They are watching the war unfold in a way no generation ever has.
"What's different right now is the live, real-time unfolding," said Dr. Jessica Kendorski of the psychology department at the Philadelphia College of Osteopathic Medicine.
The worries can affect your child even if you don't constantly have news of Ukraine playing on your TV.
"Most of your school-aged kids are going to hear something," she said.
Whether it's getting bits and pieces or being bombarded by images of attacks in Ukraine, Kendorski says kids have questions and it's important how adults answer.
"You don't want to just come out and bombard kids with all of the information regarding the war," she said. "Start off slowly asking, 'What have you heard' and 'what questions do you have for me?'"
Kendorski says to focus on developmentally-appropriate answers and know that your child could be experiencing a lot of fear.
"Children are egocentric," Kendorski added. "They will look at these things that are happening in another country and say if it can happen there, it can happen here."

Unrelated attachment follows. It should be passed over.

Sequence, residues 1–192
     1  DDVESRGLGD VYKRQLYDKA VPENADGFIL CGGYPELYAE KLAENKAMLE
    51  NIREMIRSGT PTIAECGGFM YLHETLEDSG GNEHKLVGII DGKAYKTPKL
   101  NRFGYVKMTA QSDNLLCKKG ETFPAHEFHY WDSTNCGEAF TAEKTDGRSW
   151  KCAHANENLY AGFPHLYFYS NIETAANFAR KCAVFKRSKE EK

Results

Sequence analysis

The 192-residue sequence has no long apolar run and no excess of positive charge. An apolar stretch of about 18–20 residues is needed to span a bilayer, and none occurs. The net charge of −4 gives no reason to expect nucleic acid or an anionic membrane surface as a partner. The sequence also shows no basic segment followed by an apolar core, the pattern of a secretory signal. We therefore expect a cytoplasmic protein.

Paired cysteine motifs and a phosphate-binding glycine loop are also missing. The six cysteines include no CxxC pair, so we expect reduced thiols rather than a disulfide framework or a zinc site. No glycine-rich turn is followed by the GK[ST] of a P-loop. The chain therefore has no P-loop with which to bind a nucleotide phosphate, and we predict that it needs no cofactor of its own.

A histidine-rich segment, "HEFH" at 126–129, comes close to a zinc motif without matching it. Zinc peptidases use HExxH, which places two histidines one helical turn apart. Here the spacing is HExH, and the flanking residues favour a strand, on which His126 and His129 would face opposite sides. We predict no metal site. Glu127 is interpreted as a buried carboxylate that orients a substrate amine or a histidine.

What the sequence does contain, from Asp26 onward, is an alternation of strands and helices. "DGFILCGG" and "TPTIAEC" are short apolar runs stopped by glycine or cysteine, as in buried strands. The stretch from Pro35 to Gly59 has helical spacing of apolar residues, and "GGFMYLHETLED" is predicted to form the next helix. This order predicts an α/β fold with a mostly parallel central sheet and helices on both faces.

If your child expresses that fear or even if you suspect that they're afraid, Kendorski says it's important to be open.
"Acknowledge that fear in them," she said. "Also, explain your own anxiety and fearfulness."
Often Kendorski says children can sense fear and tension in adults, but without an explanation, they're left to their own imagination to figure out what's bothering the adult.
Both children and adults are witnessing the disturbing images of attacks in Ukraine as they happen on the news or on social media, where videos can pop up without warning.
"A child is scrolling through dances on TikTok and see live real footage of war that they're not expecting to see. They click on it, and they're bombarded with more posts," Kendorski said.
She suggests limiting children's social media exposure when it comes to videos on the war. But Kendorski also believes parents should take advantage of social media to provide comfort to kids.
"Finding the good news, asking what they saw that was good," she said.
Parents can turn that good news into empowerment by linking to local groups that are trying to help people in Ukraine.
Those types of efforts could help children not feel so helpless in the face of war.
"That will help them feel safe and as if there is some predictability," added Kendorski.